While millions were glued to their TVs and electronic devices, so were college students at Baldwin Wallace University in Berea. The watch party was organized by Tom Sutton, one of NewsChannel5's political analysts, who is also a professor at Baldwin Wallace University.
His students came early, got comfy and by 9 o'clock, were ready to hear something new said BWU Junior, Emily Deaton. The junior, in her BWU sweatshirt, told me she was so far, undecided on which candidate to vote for. But one thing she knew going into the 9 o'clock hour, "I'm just really tired of the bashing each other," said Deaton.
She said, "I'm going to school to be a History teacher, so my concern is over education and funding."
Another student in the room, BWU senior Wes Byers also expressed a concern for jobs. But by the end of the night, Byers, who is also president of BWU College Republicans, said he's sticking with Mitt Romney.
"I thought tonight's debate was lively and energetic and I heard what I wanted to hear from Mitt Romney," said Byers.
The Senior added, "My concern was that the market we have right now is not conducive to job creation and entrepreneurship and I think Mitt Romney laid out a good plan on how to better foster an environment where that can happen."
When asked what really stuck with Byers, he answered, "It was how the tax code could really be reformed to close certain loopholes and deductions, just make it a simpler tax code, I've thought this for a long time. The tax code needs to be simpler and I think Mitt Romney wants to do that and I think it'll help tremendously."
A student aligning himself on the other side of the spectrum, Junior and BWU College Democrats member Andrew Moore said, "If there's one thing that stuck with me, it's that I, as well as the American public, finally got to hear much of what President Obama as done to better the economic circumstances. And President Obama is a 'show but don't tell' president, so the public got to hear and see some of what has gone on in the White House the past four years."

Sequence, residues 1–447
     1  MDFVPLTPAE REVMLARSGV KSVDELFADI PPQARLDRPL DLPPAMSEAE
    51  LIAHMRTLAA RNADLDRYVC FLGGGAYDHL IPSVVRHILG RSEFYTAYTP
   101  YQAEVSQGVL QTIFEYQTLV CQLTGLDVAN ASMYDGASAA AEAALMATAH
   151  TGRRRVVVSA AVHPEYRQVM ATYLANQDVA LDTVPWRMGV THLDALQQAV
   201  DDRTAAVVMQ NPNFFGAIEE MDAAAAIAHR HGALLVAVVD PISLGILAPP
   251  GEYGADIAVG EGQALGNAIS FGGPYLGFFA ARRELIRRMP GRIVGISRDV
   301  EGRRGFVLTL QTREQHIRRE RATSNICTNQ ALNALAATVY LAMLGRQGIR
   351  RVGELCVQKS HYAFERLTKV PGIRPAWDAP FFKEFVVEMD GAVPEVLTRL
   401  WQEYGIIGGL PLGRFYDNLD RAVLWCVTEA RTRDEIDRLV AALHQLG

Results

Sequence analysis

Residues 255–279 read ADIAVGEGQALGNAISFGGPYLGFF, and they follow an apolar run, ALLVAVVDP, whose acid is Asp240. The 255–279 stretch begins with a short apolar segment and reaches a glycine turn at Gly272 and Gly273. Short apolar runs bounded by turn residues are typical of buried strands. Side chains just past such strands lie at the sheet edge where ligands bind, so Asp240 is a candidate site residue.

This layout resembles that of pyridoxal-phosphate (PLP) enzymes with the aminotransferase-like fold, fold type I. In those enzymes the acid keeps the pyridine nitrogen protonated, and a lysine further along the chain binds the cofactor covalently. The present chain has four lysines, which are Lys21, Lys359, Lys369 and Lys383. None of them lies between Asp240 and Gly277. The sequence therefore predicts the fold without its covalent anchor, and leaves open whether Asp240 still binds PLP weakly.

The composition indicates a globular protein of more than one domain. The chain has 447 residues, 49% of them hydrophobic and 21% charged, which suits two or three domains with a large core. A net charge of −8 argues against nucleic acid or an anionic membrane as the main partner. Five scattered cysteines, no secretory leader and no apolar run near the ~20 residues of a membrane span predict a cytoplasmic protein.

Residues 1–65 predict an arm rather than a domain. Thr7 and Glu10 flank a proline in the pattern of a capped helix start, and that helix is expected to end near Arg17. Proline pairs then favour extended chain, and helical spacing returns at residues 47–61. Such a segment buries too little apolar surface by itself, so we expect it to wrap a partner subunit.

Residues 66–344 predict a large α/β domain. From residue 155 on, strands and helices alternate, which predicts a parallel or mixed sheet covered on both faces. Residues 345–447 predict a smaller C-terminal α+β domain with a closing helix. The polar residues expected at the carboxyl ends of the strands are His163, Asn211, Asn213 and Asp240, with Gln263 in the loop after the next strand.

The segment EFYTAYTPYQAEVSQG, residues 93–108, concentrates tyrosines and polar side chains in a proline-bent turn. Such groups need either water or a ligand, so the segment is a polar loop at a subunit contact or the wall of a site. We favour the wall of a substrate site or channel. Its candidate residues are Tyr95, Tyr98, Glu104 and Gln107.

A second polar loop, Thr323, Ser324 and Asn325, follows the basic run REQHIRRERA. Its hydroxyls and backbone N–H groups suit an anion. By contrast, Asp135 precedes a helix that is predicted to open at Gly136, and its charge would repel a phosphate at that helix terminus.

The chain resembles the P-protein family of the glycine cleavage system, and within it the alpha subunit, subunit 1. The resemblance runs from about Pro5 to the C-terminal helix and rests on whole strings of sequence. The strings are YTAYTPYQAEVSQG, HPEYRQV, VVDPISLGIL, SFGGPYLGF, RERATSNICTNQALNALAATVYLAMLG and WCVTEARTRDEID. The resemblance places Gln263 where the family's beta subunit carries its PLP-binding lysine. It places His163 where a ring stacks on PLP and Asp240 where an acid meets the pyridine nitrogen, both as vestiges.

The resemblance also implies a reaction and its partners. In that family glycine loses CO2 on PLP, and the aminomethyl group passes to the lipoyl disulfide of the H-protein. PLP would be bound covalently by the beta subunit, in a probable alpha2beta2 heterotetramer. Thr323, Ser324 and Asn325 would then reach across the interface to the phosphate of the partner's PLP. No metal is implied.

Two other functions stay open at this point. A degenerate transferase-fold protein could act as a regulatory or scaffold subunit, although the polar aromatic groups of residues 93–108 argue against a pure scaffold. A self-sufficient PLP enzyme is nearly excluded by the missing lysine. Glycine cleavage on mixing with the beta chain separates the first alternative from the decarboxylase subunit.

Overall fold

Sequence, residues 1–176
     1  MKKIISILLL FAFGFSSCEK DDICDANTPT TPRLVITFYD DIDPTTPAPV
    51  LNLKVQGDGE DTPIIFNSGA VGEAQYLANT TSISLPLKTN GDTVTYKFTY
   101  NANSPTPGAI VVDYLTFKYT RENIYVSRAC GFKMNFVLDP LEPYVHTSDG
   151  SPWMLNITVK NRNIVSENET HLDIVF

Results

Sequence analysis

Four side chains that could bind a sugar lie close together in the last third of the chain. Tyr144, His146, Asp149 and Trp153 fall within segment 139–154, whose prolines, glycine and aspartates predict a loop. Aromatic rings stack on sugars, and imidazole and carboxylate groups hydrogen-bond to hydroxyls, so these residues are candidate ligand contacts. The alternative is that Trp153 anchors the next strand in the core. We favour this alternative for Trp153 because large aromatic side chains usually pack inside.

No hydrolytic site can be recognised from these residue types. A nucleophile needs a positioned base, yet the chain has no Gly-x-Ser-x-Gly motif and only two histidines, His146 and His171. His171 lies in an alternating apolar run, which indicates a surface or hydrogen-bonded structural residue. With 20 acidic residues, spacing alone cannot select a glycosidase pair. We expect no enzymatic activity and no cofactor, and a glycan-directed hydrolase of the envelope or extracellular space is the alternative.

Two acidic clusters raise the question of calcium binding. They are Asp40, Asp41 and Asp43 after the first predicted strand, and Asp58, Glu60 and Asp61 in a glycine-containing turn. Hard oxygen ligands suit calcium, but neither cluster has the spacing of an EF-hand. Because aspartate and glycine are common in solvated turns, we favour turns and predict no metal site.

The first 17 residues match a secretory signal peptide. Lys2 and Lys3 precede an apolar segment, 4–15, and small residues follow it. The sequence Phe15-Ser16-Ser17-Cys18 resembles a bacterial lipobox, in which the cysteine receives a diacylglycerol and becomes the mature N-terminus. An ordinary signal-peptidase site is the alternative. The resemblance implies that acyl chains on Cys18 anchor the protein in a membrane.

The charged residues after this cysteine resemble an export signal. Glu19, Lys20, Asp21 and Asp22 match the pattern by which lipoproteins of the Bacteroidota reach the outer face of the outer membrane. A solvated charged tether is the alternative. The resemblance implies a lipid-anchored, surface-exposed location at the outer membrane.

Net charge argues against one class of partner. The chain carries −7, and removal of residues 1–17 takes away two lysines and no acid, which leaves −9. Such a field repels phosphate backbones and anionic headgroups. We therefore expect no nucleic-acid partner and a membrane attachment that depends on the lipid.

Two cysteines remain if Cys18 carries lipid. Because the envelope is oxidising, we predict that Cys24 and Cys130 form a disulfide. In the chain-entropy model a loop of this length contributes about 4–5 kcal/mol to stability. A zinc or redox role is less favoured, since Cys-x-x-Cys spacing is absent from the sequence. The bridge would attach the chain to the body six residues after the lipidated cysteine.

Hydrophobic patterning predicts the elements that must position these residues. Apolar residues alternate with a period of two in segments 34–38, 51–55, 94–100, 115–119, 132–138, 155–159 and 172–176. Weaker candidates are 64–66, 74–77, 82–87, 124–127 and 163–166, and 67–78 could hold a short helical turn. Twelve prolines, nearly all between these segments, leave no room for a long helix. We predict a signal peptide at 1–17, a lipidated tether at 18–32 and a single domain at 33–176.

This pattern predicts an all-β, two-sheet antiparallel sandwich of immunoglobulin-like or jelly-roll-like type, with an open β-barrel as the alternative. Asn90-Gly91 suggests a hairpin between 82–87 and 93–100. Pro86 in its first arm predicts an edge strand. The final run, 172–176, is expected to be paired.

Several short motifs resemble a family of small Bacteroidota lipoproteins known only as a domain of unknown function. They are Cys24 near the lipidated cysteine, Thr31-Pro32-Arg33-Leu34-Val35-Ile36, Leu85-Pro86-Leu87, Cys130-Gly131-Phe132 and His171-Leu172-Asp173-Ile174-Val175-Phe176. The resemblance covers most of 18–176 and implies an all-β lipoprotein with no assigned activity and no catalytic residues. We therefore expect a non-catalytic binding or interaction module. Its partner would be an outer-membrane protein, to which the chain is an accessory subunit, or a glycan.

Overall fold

Mitt Romney's stance on wanting to repeal Obamacare is something Moore said also stood out to him, but not in a positive way.
"It's probably the most landmark healthcare reform passed in the past 45 years since Medicare and Medicaid was introduced," said Moore, "and to repeal this bill in such tough times would do immense damage to working families in a time when people are already hurting as is."
The BWU junior added, "I think the President got to make a couple of points clear to the American public and he definitely made his plans for the next four years clear. The American public will be very receptive of it."
It may not be surprising that the College Republican member and the College Democrat member both agreed after the debate - they're sticking with their respective parties. But there was one surprise Wednesday night, and that came from Emily Deaton.
She's the junior I talked to earlier in the story, who is studying to be a History teacher but was so far, undecided. Well, after the debate, she came out to tell me, "I made my decision."
"Probably Obama," said Deaton.
When asked why, Deaton said, "Because I want to be a teacher. His plans for education seem really important to him, where Romney didn't really spend time focusing on it."
Deaton added, "It may just be the debate ... but I think that even though they didn't specifically talk about education that much, the fact that he continued to bring it up and focus on it seemed it was more important to Obama than Romney."
It was interesting to hear from these students who, like thousands of Americans, will be voting come November 6. The students also expressed concern for other topics such as Social Security and the national debt, but it seems jobs is what will be driving these college students to the polls this year.
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